The program was written in Python, using the numpy library for fast array operations and scikit-image library for image processing. We used the Tesseract open-source OCR engine.
This was another project that I worked on as a Summer Technology Analyst in Operations Analytics Strats. We worked with several different Operations groups to produce a tool for automatically assigning tasks to available analysts. This took into account available analysts, their expected bandwidth for the remainder of the day, their proficiency with incoming tasks, and implemented a Maker-Checker process. The tool is to be run by managers, and outputs a list of each person's assignments as well as a list of unassigned tasks with reasoning listed.
The program was written in R, using the Rglpk library for linear programming.
This was my senior thesis at Princeton University, supervised by Dr. Xiaoyan Li. Here, we investigate the use of rich features to extend the bag-of-words model for sentiment analysis using machine learning in the movie review domain. We focus on subjectivity analysis and sentence position features. In addition, I created a manually labeled set of subjective and summary sentences for 2000 reviews in the Cornell IMDB movie review corpus. The full title of the thesis is Exploring Rich Features for Sentiment Analysis with Various Machine Learning Models.
All model training and execution were performed in Python, using NLTK and TextBlob for document parsing and feature extraction, and scikit-learn for machine learning algorithms. Data analysis was done in R.
Documents: Poster presented at the 2016 IEEE MIT Undergraduate Research Technology Conference. A full copy of the thesis may be requested via Princeton DataSpace. You can also download a .7z archive of my manually labeled movie reviews.
I worked on this semester-long project in Junior year of college for EGR 392 - Creativity, Innovation, and Design. We helped the campus career center provide resources for career exploration and preparation in a way that was better suited for the undergraduate population. We created a regular mentorship program for underclassmen and upperclassmen who had experience with various research and industry roles. We also held a well-attended career exploration workshop on campus.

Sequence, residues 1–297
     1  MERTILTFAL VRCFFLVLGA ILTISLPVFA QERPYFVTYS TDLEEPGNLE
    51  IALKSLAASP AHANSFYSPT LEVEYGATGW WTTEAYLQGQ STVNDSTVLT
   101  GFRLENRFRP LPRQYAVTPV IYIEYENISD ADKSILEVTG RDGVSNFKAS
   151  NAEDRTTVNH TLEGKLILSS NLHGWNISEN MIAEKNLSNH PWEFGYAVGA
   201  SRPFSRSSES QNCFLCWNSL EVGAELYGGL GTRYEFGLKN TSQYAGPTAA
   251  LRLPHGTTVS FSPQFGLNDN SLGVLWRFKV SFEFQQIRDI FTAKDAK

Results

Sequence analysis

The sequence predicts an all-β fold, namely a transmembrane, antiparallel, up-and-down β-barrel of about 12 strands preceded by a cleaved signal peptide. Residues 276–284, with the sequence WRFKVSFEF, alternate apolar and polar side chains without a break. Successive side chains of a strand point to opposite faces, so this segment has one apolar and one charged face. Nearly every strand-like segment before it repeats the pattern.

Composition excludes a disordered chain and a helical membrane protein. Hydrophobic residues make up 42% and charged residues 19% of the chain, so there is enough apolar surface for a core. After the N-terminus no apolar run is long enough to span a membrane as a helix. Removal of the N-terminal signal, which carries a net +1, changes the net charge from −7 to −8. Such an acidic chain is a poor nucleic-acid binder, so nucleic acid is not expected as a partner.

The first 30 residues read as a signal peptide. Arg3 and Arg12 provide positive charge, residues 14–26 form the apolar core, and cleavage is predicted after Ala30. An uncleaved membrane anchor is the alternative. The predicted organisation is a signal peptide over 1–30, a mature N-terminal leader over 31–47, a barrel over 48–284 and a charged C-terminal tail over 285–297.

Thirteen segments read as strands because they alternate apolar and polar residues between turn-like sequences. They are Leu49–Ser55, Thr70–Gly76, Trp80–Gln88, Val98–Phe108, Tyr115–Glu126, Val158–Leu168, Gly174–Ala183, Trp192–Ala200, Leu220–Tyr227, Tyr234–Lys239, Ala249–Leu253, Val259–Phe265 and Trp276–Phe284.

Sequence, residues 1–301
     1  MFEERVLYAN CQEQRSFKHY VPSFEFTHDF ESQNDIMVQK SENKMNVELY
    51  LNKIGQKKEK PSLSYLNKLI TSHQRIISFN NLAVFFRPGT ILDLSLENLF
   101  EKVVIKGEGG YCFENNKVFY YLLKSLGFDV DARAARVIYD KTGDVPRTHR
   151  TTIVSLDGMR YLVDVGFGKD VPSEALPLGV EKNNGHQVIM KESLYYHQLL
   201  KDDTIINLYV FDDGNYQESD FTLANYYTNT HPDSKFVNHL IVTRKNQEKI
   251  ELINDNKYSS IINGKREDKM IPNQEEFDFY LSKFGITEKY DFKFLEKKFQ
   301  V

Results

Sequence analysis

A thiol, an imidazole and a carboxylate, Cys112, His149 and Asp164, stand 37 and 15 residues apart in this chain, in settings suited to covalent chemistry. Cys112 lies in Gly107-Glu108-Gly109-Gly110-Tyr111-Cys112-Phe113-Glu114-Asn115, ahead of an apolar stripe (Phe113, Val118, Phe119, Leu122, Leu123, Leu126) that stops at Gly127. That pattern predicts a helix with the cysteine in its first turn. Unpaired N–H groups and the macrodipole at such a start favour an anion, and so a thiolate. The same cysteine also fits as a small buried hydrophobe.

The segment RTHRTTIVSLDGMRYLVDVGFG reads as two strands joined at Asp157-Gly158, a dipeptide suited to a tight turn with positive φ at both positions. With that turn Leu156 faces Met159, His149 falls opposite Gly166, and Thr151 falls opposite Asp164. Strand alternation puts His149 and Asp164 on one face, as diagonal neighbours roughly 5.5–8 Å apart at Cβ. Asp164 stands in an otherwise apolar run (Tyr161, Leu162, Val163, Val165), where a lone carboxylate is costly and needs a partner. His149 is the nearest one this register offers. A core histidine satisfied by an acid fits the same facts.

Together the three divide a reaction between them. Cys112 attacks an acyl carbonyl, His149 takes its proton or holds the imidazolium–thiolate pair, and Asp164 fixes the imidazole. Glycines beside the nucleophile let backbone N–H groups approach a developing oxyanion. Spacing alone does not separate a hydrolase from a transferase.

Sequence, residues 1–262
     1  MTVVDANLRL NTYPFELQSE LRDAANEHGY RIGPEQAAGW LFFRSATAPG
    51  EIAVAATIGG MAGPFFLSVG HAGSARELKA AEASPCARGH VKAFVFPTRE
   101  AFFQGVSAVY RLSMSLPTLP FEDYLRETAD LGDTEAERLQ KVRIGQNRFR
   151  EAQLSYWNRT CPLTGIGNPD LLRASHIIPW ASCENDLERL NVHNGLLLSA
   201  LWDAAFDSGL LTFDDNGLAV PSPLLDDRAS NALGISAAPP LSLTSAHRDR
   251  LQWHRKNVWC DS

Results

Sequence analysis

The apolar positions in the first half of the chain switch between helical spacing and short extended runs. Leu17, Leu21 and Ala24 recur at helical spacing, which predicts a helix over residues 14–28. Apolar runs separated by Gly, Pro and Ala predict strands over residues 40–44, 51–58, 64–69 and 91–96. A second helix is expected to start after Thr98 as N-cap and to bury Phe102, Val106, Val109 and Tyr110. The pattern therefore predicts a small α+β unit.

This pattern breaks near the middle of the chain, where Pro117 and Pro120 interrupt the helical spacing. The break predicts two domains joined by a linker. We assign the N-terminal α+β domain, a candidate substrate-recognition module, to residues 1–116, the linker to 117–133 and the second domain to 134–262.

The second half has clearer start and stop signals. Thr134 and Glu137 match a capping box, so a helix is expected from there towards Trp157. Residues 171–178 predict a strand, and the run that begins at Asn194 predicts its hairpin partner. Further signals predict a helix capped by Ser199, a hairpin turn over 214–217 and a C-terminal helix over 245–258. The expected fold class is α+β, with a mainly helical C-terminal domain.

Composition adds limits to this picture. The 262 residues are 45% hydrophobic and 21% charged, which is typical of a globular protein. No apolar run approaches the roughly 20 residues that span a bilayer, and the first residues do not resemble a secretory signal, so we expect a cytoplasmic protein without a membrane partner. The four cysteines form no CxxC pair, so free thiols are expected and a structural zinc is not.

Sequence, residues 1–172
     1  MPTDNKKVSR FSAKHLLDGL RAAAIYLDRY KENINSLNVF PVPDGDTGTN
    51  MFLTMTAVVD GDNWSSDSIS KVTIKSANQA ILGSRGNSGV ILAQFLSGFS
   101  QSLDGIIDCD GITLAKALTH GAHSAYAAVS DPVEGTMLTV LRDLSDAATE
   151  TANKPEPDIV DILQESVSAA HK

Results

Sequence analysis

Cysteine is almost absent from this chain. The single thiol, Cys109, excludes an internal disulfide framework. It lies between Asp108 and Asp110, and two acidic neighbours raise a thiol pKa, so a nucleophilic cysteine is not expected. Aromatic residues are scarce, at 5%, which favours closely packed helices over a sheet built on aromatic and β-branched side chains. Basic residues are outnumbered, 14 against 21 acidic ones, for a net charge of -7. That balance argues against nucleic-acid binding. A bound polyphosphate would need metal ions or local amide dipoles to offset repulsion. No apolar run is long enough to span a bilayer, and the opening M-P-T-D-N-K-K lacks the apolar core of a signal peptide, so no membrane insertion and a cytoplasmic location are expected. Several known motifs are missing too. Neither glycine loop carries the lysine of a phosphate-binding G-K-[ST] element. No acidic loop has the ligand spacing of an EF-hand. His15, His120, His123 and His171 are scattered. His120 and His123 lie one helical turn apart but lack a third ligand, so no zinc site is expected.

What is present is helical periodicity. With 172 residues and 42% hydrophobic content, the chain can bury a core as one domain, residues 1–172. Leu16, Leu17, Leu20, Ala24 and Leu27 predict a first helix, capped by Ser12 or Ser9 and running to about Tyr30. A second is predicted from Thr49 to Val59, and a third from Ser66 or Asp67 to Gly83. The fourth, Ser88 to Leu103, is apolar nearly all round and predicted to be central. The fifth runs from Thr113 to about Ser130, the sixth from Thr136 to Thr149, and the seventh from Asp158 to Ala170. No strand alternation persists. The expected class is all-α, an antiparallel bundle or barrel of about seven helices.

The team consisted of Grace Chang '17, Catherine Idylle '16, Jean Choi '15, Maggie Zhang '16, Annie Chen '15, and myself.
Documents: Presentation given to the EGR 392 class, as well as administrators of Princeton career services.
This was a project that I worked on as a Summer Research Intern at CASTLE Lab at Princeton University in the summer of 2014. The objective was to find optimal policies in an energy allocation problem. The model contained a battery, power grid, wind energy, and demand, with the latter three stochastic variables. I investigated the performance of Q-Learning and SARSA given different learning rates.
The simulator was written in Java, building on the BURLAP Learning Algorithm Library. Graphics and metrics were produced in Excel and MATLAB.
Documents: Problem Model, Project Presentation
This was a project that I worked on for ORF 418: Optimal Learning in Spring 2014. I worked with Max Kaplan. We created an algorithm for pricing Express Lanes on the I-110 Freeway using Optimal Learning techniques. Specifically, we tested the Knowledge Gradient, Interval Estimation, Pure Exploitation, and Constrained Exploration algorithms with linear and logistic belief models.
Code and graphics done in MATLAB.
Documents: Project Report, Project Presentation